After hearing more bad budget news from Sacramento, the Irvine Unified School District Board of Education voted to freeze spending and to fill no future staff openings in anticipation of severe budget cuts.
The board voted unanimously Tuesday to institute the budget freeze after Deputy Supt. Paul H. Reed said the current talk among state legislators drafting the budget is to cut public school funding to help balance the state's budget.
Two months ago, schools were expecting no cost-of-living increase for the fiscal year that begins July 1, Reed said. But now, state officials are seriously suggesting a 1.1% decrease in the cost-of-living adjustment for the districts.
"I have never even envisioned a negative" adjustment, Reed said. "It's just not comprehensible."
If the cuts come through, the school board will be faced with cutting even more deeply than the worst-case scenario he presented in February, Reed said. Although it will be nearly impossible to cut more than about $1.5 million from next school year's budget, the projected cut for the 1993-94 school year will have to increase from $2 million to about $2.6 million, he said.
Those cuts still won't balance either year's budgets, he said. The district will have to borrow about $3.6 million from insurance reserves and other funds to pay the day-to-day costs of salaries and operating the schools, he said.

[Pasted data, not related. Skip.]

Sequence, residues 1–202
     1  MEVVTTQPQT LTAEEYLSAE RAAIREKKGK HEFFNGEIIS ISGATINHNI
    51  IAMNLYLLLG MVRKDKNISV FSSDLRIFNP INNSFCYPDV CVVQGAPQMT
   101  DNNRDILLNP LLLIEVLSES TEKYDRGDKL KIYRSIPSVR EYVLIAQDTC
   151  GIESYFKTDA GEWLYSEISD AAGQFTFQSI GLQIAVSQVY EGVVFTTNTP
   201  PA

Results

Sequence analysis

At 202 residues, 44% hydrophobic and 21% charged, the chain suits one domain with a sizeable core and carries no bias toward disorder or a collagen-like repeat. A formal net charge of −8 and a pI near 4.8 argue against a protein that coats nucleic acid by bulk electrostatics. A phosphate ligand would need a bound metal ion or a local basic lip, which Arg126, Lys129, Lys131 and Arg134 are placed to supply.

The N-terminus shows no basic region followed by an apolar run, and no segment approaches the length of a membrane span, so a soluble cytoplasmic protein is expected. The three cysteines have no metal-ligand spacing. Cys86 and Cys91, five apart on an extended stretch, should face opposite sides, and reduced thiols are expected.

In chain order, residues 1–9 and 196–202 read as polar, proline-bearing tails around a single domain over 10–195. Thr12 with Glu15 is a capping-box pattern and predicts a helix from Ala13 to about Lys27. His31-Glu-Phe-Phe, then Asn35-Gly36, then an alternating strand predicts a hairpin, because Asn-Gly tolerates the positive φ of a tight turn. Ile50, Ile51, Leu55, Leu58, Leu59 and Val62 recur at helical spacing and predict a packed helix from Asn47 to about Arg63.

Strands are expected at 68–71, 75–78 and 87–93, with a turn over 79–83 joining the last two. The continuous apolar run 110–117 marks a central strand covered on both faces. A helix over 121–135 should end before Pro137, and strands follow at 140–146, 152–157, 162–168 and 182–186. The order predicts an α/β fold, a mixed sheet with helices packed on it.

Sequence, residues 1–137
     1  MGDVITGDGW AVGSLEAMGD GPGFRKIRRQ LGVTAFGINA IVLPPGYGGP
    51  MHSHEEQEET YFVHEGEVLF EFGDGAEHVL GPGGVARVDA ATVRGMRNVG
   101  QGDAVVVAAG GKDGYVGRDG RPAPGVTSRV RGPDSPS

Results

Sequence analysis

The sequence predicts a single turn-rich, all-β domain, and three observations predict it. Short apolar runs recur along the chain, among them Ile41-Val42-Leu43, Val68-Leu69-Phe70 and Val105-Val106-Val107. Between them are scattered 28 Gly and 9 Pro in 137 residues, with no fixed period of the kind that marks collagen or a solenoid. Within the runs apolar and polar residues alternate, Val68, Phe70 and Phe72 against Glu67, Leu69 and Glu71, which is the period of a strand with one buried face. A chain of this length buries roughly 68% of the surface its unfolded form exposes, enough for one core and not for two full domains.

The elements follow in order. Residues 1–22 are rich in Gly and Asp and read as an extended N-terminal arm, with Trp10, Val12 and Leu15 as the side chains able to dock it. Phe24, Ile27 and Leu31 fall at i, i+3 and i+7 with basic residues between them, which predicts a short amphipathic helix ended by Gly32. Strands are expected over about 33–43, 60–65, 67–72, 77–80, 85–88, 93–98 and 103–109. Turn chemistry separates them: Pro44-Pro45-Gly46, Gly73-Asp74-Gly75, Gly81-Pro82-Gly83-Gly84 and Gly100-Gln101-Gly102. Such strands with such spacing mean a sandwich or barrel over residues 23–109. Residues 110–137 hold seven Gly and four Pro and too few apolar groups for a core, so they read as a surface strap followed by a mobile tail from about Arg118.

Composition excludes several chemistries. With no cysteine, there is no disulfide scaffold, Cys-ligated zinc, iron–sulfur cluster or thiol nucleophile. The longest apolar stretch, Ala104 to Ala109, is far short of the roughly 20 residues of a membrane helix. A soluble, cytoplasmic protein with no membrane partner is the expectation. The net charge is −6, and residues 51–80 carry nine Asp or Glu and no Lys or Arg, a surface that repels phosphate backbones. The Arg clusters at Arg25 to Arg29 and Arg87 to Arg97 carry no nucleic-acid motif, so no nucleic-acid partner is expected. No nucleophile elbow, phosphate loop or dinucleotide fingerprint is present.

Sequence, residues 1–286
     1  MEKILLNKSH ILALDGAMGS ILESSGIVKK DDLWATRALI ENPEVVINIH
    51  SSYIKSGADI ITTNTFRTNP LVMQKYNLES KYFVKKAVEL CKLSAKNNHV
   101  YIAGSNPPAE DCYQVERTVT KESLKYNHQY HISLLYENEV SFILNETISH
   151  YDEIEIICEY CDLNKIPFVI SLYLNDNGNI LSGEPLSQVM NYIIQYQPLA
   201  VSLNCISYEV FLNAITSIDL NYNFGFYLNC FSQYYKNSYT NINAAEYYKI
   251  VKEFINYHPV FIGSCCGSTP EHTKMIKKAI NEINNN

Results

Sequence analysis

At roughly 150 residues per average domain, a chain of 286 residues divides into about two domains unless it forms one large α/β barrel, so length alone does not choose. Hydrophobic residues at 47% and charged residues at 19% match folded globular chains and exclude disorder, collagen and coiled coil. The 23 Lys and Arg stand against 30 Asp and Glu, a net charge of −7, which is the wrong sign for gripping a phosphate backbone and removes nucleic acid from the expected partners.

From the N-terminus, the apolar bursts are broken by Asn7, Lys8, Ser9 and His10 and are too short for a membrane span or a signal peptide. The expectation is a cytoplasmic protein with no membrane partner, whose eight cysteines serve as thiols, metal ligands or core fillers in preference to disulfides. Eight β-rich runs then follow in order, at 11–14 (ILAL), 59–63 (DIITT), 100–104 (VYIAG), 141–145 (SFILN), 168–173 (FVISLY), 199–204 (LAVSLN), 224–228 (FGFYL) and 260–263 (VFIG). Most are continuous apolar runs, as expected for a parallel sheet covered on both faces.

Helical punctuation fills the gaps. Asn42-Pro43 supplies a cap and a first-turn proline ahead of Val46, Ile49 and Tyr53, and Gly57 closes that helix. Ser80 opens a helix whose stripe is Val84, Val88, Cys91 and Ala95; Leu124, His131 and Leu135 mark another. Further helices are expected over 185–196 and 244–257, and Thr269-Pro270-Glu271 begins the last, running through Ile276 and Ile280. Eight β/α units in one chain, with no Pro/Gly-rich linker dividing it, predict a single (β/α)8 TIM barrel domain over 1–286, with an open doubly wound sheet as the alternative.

The money borrowed from those funds will have to be repaid in future years, Reed said, making the total cuts in the 1993-94 school year about $5.1 million.
To put those cuts into perspective, Reed outlined a possible scenario:
Laying off 10 elementary school media center specialists, 19 teachers (by cutting sixth period at the middle schools and shaving the school day for grades one through four), six district office staff members, six assistant principals, 13 high school counselors and four middle school librarians--a total of 58 people--would save only about $2.3 million a year.
All those cuts assume also that teachers will accept no pay increases for the next two years, Reed said, which will require a "Herculean" effort to negotiate.
Besides instituting a budget freeze, the board voted Tuesday to meet with union leaders to discuss the budget problems and gauge their willingness to accept pay freezes.